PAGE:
Scott County’s COVID-19 cases are surging, but the source is not what anyone may expect.

The county’s coronavirus death toll is now at 22, including 17 from long-term health care facility Dover Manor. All 22 deaths have happened over the past nine weeks.

Although in-person classes are being held at all county schools and Georgetown College, the surge is coming from the community at large, said Dr. Crystal Miller, WEDCO public health director.

“The schools are doing a great job,” Miller said. “They are following protocols, including proper cleaning procedures. The spread is community wide. If people want schools to maintain in-person classes they are going to have to adhere to wearing masks community wide, otherwise it will eventually filter into the school system.”

Last week, there were 82 new confirmed cases pushing the county’s total to 1,118, including 31 people hospitalized. Every day but one last week recorded double digit confirmed cases, including 32 Thursday and Friday combined.  Several churches have experienced multiple COVID-19 cases, forcing several to return to online services after opening to in-person services several weeks ago.

As of Friday, Oct. 23, Scott County Schools has had three students and five staff members who tested positive for COVID-19, according to school officials. Schools started in-person classes on Oct. 14.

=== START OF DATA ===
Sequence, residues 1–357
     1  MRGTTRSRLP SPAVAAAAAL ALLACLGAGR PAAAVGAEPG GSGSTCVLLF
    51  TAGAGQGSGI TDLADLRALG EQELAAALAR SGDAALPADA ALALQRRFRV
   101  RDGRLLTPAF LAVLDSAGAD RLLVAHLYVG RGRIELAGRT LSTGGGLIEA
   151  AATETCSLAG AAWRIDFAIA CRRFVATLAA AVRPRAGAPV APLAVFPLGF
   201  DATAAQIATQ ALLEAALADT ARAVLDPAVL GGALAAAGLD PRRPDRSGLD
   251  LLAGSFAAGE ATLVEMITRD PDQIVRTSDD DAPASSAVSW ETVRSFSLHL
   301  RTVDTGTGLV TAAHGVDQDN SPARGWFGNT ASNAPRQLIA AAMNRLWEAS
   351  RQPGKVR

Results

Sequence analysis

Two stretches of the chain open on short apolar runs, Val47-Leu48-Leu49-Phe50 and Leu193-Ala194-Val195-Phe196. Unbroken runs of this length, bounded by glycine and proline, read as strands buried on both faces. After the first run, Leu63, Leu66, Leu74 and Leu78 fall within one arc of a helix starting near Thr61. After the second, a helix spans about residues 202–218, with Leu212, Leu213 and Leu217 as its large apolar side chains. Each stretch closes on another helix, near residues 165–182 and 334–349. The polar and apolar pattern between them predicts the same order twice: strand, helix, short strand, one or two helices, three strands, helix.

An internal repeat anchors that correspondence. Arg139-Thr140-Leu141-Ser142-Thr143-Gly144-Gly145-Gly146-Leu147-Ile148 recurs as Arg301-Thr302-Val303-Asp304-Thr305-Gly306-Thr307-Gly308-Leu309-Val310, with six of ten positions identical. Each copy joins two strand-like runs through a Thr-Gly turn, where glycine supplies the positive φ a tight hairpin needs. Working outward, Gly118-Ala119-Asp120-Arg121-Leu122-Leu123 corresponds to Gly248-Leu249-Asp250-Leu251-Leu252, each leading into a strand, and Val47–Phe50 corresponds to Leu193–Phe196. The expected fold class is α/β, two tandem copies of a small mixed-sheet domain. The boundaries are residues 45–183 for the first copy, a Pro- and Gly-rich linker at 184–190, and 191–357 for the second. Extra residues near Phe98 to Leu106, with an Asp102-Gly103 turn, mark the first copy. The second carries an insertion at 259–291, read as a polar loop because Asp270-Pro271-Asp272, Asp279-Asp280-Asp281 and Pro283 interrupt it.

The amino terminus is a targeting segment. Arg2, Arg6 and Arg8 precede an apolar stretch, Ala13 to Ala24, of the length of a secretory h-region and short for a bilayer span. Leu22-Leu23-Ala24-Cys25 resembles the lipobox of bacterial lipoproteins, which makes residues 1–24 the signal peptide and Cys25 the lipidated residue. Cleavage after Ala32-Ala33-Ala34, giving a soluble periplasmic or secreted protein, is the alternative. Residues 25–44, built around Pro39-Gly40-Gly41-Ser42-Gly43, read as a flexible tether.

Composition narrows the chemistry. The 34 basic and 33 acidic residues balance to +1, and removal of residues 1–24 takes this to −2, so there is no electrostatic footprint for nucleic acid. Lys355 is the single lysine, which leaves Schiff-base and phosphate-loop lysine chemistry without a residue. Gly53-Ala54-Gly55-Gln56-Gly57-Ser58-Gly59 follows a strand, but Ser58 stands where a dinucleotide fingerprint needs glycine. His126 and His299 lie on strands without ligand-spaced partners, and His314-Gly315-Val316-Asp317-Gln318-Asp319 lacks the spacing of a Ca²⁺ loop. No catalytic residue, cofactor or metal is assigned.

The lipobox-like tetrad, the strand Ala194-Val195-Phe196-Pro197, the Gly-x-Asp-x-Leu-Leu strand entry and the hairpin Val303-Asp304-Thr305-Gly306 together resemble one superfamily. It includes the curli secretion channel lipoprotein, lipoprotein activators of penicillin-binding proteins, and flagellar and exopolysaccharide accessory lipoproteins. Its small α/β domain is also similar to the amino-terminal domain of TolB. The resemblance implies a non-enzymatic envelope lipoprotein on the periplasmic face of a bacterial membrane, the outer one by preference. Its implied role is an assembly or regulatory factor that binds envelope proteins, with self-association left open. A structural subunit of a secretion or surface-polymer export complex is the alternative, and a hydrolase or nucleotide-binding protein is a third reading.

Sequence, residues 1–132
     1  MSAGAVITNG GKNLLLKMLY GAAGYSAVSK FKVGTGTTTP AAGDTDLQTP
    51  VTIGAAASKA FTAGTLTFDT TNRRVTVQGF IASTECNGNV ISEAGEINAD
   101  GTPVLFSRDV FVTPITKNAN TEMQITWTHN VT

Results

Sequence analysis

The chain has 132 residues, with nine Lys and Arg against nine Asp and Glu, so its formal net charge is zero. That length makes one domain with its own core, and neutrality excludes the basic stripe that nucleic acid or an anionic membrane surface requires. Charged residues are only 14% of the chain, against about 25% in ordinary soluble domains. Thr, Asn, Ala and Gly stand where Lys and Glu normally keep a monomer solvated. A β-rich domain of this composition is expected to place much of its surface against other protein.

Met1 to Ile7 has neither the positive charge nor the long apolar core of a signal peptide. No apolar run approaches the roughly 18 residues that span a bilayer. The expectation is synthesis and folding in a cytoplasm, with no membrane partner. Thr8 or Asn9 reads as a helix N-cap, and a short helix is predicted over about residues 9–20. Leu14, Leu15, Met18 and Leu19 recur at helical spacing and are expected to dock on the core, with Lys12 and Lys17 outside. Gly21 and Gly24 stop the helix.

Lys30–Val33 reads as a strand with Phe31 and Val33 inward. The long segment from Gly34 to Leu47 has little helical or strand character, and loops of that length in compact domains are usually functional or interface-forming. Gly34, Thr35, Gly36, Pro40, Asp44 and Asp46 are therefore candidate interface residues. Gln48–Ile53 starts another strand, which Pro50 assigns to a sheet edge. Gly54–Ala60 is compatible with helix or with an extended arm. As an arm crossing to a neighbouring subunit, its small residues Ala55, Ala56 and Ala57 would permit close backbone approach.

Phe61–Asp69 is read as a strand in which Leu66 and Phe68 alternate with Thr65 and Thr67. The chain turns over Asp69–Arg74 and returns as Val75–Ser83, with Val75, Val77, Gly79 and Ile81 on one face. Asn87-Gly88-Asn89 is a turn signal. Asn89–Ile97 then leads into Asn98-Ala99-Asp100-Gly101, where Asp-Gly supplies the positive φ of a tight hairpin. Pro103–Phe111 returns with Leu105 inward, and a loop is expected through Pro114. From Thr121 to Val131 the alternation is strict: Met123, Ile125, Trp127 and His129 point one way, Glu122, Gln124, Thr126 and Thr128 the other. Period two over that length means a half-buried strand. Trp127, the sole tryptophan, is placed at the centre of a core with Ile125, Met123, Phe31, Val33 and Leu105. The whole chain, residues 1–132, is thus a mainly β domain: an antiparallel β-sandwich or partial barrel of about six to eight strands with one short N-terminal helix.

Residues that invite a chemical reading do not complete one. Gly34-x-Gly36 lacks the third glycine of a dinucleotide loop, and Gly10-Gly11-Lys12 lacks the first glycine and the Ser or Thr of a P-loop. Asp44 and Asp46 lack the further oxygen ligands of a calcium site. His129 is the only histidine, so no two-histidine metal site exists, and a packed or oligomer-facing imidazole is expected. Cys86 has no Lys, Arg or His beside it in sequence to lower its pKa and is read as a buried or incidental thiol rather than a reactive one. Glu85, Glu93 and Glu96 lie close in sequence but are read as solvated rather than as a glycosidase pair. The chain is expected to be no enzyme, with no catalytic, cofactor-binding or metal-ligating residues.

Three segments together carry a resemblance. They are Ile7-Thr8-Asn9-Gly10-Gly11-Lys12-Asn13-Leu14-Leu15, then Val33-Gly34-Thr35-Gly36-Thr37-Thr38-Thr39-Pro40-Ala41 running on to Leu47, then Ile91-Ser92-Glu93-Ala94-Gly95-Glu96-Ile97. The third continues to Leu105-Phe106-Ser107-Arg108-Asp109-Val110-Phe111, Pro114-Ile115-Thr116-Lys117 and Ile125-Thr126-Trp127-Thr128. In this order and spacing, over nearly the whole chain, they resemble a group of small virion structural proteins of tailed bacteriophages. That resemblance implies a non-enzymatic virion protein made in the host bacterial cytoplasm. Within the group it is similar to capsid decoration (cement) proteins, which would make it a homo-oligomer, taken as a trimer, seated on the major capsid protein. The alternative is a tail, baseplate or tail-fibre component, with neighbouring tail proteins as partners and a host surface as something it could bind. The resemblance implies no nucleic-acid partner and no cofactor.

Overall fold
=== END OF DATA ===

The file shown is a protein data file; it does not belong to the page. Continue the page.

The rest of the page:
“We are pleased with the smooth start of school in person this year,” said Superintendent Kevin Hub. “Our staff worked hard to put a strong plan in place that offers choices for families and provides quality instruction in person in a safe learning environment.

“I am thrilled with the reports of consistent masking in our schools which has limited the exposure and spread of the virus. We hope the community will continue to support this important step because we know that wearing masks is vital to keep our schools open and our students safe.”

Contact tracing of the confirmed cases at Scott County Schools has determined the individuals who tested positive contracted the virus “as a result of exposure in the community, not at school,” officials said.

“Unlike anytime before, we are watching science unfold before our eyes,” Miller said. “We are learning about this virus in real time, and the more we learn, the more we have to adjust. The public is going to have to understand and be flexible.”

A significant adjustment for Scott County and all of WEDCO’s district which includes Harrison, Nicholas and home health for Bourbon counties, will be how local statistics are reported.

“Because of the time involved in contact tracing, the reporting to the state has lagged behind,” she said. “That means the state’s (alert level) map was reporting cases a week or so old and state data was lagging behind. 

“In order to be more accurate, every Thursday I will calculate the local incident rate for Scott County, which should serve us better at the local level. This will be forward to Dr. Hub and others so they can make the appropriate decisions.”

WEDCO continues to offer COVID-19 testing five days per week. The schedule is: Monday, 9 a.m. - 4 p.m.’ Tues.-Thurs., 9 a.m. - 3 p.m. and Friday, 9 a.m. - noon. Appointments are encouraged and can be made at


Mike Scogin can be reached at

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